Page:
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© New To HR

Tips to Improve Your Employer Brand

Employer branding is a term referring to how potential employees see your company in terms of being a place to work. For years, employers were somewhat in the driver’s seat when it came to hiring because unemployment was stubbornly high. Now, however, unemployment is at record lows, and employers really have to be creative in how they recruit and retain employees. 

Many industries are feeling the squeeze in terms of not having enough qualified employees to fill open positions. For example, industries with a lot of open spots range from truck driving companies to highly skilled fields like nurses, doctors, and health care specialists. 

So, with that in mind, how can you improve your own employer brand and fill empty spots with great employees?

How can you stand out above other employers and build your reputation?

Be Authentic

Authenticity is important when you’re building a customer brand, and the same holds true with your employer brand. You want to show that you have employer values that are clear and defined, but also that you truly uphold them. 

As well as being authentic, you want to be transparent.

Let people know what they can expect when they apply, interview, and work for your company.

If you’re not accurate in these areas, it’s very easy to see it based on information on sites like Glassdoor. 

What some HR departments and employers don’t yet see is that their employee brand can greatly impact the rest of their branding. If customers are consistently seeing disgruntled applicants or employees, it’s going to tarnish your reputation overall and not just for people seeking work. 

As part of your efforts for transparency, include real people who work for your company as part of your branding and imagery. Skip the stock photos. 

Make Sure the Application Process Has a Human Touch

There’s nothing more frustrating as a job seeker to feel like you’re never in touch with a real person. You may be filling out a lot of applications online and never hearing from someone, and that’s demoralizing and can also be damaging to your employer brand. As much as is possible, when employees submit applications or contact your company, try to have a real person contact them back. 

You also want candidates and applicants to feel like it’s easy to get in touch with an HR representative if necessary.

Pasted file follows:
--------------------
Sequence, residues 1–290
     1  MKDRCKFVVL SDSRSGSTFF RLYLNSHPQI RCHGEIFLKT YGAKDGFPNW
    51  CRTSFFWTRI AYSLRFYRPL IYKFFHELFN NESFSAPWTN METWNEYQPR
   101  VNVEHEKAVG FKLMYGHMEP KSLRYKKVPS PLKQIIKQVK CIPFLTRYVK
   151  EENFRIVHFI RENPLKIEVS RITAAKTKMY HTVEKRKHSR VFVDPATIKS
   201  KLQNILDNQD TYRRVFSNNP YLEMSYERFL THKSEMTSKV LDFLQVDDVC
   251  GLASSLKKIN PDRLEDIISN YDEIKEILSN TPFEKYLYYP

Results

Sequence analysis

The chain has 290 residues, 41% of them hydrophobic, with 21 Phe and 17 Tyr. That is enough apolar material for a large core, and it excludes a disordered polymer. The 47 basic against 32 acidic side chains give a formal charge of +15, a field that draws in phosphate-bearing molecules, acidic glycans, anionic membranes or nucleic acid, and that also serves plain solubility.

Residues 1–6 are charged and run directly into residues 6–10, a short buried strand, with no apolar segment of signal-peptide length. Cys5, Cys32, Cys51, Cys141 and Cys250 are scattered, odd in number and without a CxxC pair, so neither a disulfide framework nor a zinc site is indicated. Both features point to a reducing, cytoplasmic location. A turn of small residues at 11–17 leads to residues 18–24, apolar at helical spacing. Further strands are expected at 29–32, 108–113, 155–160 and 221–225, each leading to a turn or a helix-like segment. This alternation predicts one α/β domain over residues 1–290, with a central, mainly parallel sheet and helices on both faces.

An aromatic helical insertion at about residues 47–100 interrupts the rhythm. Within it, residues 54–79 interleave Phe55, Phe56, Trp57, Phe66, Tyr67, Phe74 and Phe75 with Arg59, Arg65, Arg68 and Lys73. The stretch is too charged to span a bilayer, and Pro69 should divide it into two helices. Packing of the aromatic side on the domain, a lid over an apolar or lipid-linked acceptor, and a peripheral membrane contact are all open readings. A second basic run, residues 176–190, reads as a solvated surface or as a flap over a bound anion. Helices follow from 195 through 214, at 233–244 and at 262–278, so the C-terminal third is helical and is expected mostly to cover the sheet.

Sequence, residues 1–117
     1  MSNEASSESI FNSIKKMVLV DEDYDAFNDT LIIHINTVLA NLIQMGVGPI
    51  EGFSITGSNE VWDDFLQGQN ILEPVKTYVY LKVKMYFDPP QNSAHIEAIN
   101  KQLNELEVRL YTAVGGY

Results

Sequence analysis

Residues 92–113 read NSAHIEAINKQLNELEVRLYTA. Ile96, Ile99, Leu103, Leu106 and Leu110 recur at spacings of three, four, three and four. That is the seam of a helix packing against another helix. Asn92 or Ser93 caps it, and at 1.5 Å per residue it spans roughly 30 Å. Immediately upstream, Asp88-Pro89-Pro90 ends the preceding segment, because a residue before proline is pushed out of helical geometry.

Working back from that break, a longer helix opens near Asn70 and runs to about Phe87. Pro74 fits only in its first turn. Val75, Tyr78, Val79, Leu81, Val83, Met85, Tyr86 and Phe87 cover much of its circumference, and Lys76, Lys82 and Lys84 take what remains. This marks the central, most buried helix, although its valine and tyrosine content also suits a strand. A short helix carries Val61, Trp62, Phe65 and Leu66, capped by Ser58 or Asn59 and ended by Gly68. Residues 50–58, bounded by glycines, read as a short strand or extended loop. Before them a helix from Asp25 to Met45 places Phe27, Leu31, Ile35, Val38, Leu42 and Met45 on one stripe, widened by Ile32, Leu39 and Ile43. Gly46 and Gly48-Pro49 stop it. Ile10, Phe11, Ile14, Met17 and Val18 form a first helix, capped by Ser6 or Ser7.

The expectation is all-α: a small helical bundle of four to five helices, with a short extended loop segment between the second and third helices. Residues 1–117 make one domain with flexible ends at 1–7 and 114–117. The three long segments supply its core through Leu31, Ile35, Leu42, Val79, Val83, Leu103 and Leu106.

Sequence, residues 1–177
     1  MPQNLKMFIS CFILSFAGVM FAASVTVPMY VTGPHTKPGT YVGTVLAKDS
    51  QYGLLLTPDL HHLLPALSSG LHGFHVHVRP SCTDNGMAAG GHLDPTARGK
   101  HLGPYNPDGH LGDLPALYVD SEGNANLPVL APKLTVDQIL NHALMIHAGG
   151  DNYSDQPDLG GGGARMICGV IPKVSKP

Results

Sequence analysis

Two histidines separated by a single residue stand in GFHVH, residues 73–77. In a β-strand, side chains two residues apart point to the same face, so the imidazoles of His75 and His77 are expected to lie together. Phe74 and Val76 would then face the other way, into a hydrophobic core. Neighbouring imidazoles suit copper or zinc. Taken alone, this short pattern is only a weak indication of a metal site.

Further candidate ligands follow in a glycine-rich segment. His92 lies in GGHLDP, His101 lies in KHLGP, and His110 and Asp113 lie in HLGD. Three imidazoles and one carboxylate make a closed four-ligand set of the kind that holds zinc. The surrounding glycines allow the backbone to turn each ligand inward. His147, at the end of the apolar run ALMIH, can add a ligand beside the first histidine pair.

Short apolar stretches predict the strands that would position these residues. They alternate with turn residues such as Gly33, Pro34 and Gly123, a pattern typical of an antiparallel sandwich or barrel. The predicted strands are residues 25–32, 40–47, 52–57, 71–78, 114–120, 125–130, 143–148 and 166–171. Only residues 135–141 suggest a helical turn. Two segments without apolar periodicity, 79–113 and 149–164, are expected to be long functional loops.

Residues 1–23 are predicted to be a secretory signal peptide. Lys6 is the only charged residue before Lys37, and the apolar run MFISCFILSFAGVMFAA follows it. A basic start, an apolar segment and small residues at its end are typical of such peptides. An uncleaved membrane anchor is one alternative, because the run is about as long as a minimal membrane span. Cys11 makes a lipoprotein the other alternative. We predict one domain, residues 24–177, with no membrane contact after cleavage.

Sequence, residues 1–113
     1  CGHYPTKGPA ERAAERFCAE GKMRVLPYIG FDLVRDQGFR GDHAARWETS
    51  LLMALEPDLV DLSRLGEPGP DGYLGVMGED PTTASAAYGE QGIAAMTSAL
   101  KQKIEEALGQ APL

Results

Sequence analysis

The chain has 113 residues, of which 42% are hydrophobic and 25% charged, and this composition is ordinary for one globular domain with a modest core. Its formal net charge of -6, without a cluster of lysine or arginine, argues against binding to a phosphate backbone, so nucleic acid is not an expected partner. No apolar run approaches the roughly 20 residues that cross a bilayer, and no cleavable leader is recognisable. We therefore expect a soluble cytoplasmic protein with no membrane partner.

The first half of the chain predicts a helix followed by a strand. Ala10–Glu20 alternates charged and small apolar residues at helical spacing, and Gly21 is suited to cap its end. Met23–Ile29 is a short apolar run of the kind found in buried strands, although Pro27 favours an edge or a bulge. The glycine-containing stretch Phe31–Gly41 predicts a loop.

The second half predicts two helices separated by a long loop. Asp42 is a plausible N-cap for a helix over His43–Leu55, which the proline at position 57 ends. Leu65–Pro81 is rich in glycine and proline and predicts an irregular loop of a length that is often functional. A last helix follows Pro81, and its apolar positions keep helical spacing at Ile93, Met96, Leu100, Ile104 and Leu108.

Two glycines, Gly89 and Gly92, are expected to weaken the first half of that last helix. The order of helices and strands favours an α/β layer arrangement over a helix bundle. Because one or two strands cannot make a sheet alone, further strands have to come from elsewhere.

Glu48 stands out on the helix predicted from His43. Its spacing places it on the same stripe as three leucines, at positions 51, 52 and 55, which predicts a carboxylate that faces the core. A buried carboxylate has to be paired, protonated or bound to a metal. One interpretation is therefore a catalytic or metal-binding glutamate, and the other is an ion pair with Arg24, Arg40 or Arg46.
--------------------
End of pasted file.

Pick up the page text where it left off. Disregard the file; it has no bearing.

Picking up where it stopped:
Conduct Exit Interviews

Whether someone is laid off, fired or quits, make sure you’re conducting exit interviews. These interviews are extremely important and can provide you invaluable information you can use to develop your employer brand and appeal to quality candidates in the future.

Exit interviews can also help you see areas where you can improve the overall employee experience, and that can lead to better employee retention and engagement. 

Monitor Your Reputation

You should be aware of what’s being said about your company and what it’s like to work there. Your HR team should regularly look to sites like Glassdoor and see what past and present employees are saying. Also, build out your Glassdoor profile and respond to reviews you see there.  

As well as researching and monitoring your own reputation, do the same of your competition. See what’s being said about them as employers, what they’re doing well and where they could improve. This can help you find gaps that you could fill as an employer. 

Follow-Up with Applicants

When people are applying for jobs, they want follow-up. It’s only fair to provide this to them in a timely way when they’ve taken the time to apply. Even if someone doesn’t get the job with your company, let them know and if possible may even give them feedback. 

If someone makes it to the interview process but then doesn’t get the job, similarly you should follow-up. It can feel disrespectful of an applicant’s time not to give them anything after they spend so much time trying to get the job with your company.

Finally, part of your employer brand also relies on the experience current employees have.

Even if you can’t make employees happy with massive bonuses and raises, what you can do is show they’re valuable, you believe in them, and you’re willing to invest in them.

Set up mentorship and coaching programs and try to build your talent pipeline internally whenever possible. This will keep employees engaged and show that you value them enough to want to see them move forward in their career. 

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